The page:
This is not the first time they have done something like this.
Chances are, you stumbled across this article because you were looking for ClearPath Lending reviews. This company has ensured that you only find praises about them by getting affiliations with various review platforms.
Wealthy organizations have many ethical and unethical methods to promote themselves. And as we have seen already with the CFPB’s consent order, ClearPath relies more on the unethical methods to promote its products.
For example, here’s the title of a recent article I found on a website:
Notice the “Sponsored Content” tag? It means ClearPath paid the website to write and post that article on them.
Not many people are going to read that article. However, when you’d google ClearPath Lending reviews or “is ClearPath Lending legit” you’d find articles like this one and start thinking they are a good corporation instead of a scam.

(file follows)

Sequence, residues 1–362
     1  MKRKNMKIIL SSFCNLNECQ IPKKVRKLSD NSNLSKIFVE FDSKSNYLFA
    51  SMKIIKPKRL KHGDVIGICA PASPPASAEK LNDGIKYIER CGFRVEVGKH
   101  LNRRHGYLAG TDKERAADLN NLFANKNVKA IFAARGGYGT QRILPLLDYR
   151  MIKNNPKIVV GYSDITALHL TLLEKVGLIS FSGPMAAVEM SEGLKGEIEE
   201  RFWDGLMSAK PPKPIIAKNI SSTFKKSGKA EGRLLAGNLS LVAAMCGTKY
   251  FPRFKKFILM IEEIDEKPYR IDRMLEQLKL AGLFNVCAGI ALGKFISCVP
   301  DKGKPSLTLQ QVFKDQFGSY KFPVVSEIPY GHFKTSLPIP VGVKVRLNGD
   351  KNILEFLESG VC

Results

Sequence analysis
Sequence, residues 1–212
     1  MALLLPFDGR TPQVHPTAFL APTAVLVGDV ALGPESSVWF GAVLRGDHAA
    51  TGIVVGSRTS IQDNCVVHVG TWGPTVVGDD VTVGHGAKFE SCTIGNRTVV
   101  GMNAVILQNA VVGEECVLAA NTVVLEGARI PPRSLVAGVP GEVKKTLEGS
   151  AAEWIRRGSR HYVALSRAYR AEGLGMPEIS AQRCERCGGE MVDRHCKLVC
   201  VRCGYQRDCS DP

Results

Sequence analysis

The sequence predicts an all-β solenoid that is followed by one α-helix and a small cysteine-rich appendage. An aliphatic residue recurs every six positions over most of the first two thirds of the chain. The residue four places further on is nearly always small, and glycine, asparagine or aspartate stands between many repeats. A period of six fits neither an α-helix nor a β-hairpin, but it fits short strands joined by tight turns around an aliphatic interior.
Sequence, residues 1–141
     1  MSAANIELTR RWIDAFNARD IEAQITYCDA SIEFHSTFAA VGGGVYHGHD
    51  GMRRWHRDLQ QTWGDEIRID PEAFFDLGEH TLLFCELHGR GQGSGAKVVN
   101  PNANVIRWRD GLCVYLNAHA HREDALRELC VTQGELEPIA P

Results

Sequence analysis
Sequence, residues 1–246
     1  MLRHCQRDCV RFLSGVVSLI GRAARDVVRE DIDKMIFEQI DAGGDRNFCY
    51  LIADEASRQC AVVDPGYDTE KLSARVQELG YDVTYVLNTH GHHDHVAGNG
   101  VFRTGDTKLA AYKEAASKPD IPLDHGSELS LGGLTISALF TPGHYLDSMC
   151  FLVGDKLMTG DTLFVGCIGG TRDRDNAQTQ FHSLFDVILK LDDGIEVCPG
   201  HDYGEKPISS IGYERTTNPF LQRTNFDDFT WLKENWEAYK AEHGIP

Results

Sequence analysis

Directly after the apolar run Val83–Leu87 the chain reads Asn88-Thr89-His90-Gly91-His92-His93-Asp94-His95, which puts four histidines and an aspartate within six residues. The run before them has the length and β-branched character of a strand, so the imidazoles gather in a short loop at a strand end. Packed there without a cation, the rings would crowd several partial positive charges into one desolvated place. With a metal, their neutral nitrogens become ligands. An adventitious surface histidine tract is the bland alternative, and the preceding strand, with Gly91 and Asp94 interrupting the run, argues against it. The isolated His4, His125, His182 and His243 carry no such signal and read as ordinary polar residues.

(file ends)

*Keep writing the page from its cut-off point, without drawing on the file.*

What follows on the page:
ClearPath Lending is trying to appear like a veteran-friendly company by posting such propaganda.
They don’t want you to find out about CFPB’s investigation into their misleading advertisements. Clearly, if you read about their VA loan scams, you’d stay miles away from them.
Be ready to find a lot of such nonsensical propaganda when searching for things about this firm.
Always look for disclaimers about the website’s or author’s affiliation with the company they are talking about.
I must disclose here, I’m not affiliated with ClearPath Lending nor am I affiliated with anyone related to that company. The reason I’m writing this ClearPath Lending review here is only because I want people to know about this VA loan scam and the malicious history of this lender.